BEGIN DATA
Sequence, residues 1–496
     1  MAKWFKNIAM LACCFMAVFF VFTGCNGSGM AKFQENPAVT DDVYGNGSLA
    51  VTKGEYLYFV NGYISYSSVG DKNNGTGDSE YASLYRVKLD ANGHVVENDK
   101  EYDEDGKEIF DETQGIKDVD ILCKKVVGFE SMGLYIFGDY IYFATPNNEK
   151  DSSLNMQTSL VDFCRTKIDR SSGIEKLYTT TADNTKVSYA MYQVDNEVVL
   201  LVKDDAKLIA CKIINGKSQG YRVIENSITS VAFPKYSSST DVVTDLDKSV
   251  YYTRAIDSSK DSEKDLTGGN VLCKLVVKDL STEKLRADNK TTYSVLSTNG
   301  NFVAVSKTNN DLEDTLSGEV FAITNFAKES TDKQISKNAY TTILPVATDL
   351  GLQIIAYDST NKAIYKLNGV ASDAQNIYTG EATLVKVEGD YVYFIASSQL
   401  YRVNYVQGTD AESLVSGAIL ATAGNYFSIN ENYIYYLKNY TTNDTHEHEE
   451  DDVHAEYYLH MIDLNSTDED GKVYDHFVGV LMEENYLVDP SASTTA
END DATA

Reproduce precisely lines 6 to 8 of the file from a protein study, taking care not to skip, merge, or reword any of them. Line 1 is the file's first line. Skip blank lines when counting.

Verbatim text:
   201  LVKDDAKLIA CKIINGKSQG YRVIENSITS VAFPKYSSST DVVTDLDKSV
   251  YYTRAIDSSK DSEKDLTGGN VLCKLVVKDL STEKLRADNK TTYSVLSTNG
   301  NFVAVSKTNN DLEDTLSGEV FAITNFAKES TDKQISKNAY TTILPVATDL